Check out the facts about Dual Language:
Q: How does the English/Spanish instruction work?
A: The 50/50 model: Students receive exactly 50% of their instructional minutes in English, and 50% in Spanish. Some specials classes (Art, Music, PE) are in English, Technology and Second Step are in English half of the time and Spanish the other half. To make up for the English minutes in Specials, students will have longer periods of Spanish in Math, Science or Social studies.
Biliteracy: Students receive two literacy blocks per day—one consisting of shared reading, read aloud and writing, and the other with guided reading and independent practice. The literacy components change languages after every unit. For example, for Unit one, a student may receive shared reading and writing in Spanish, but guided reading and independent practice time in English. For Unit 2, they would switch—Shared reading and writing would be in English, Guided reading and independent practice would be in Spanish. Standards and learning targets are NOT translated or repeated, they are reinforced in both languages.
Bridging: Each day, students have a block of time that is language neutral, that means it’s taught in both languages at the same time. During this time, students learn how English and Spanish work together. They will learn how to identify cognates (like intelligent and inteligente), learn grammar and phonics unique to each language, and how to identify formal and informal register, purpose, and strategies for using both languages for greater comprehension.
Q: Won’t learning Spanish hurt my child’s growth in English?
A: The short answer is no. There is no research that supports that learning a second language for native English speakers, or learning in Spanish for native Spanish speakers is detrimental to a students’ English language development. There is A LOT of research that supports that native Spanish speakers make the greatest growth in a dual language model than any other English language development model; and that native English speakers that come from a dual language program outperform their peers in high school and college.*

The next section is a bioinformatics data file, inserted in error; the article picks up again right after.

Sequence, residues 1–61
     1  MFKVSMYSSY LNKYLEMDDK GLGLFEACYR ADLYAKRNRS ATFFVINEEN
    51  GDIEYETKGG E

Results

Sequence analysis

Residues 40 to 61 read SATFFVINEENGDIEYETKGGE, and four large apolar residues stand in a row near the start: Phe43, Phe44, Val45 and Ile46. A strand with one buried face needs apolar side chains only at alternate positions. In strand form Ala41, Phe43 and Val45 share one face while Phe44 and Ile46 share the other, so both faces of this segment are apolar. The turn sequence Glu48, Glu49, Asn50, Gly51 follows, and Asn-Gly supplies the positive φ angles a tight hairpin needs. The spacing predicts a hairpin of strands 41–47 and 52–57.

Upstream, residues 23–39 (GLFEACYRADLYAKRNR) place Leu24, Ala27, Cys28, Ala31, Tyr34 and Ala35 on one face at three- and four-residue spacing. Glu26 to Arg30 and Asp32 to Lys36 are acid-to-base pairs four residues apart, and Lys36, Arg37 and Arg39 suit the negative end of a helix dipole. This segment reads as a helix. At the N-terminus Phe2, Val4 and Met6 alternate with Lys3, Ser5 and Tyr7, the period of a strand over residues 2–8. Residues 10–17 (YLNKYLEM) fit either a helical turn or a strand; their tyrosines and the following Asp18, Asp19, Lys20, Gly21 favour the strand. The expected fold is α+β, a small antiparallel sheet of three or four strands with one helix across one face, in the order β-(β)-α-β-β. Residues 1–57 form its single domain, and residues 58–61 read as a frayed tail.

Q: What if my child is getting frustrated or confused in their second language?
A: As anyone who has ever attempted learning a second language knows, this feeling is normal, albeit uncomfortable. At Irish, we talk about these feelings every day with kids, and teach them how to cope with their uncomfortable feelings and persevere when things get tough. This kind of character building not only helps kids academically and with their language growth, it also helps give them 21st Century skills to problem solve, collaborate, innovate, and follow through. The detriment of short term discomfort is outweighed by the great advantage of becoming bilingual, biliterate, and bicultural global citizens.
Q: How can I help my child if I don’t speak the other language?
A: 1) Make sure they read every day. It doesn’t matter which language, or if they read with you or independently. Giving them time and space for downtime and enjoyable reading will greatly benefit their academic growth. 2) Stay in close contact with the teacher. You can expect a newsletter from your child’s teacher once a month explaining what they are learning about in each language, so you can ask your child and reinforce their learning in their home teacher. Always contact the teacher if you have
questions or concerns about your child’s academic growth. 3) Model language learning—ask your child about the new language they are learning. Let them be the teacher!
Q: What is the expectation for homework?
A: Each grade levels is a bit different, but all grades are expected to read (leer/lectura) at home every day. Some grades will have additional math (matamáticas) or writing (escribir/escritura). Check your child’s planner to be certain. However, the purpose of homework is not to create a grade for the child, but to teach them good home study habits that can last them through secondary school and college. It is the parents’ responsibility to provide time and space for the child to do their homework—not to help them with it or do it for them. If your child cannot do their homework independently and without tears, please contact the teacher. Homework should not be a time of stress, but a time for the child to celebrate—look what I can do by myself! For more information, see parent handbook pages 20-23.
Q: I’m sorry, but I still don’t understand.
A: No problem! Most of us did not attend a dual language school as a child, nor did we grow up in an era of standardized testing and common core standards. If you still have questions, please feel free to contact your child’s teacher, the assistant principal or the principal. In addition, please continue to read our regular newsletters, website updates, and facebook posts. Finally, come to our Padres en Acción meetings! They are the first Thursday of every month, from 5:00-7:00 (childcare and dinner provided!). You can learn more about not only how our school works and how we are working to improve, but how the parent community can support us in doing so!
*Thomas and Collier, The Astounding Effectiveness of Dual Language for All. 2002; Cloud, Genesee & Hamayan, Dual Language Instruction A-Z. 2013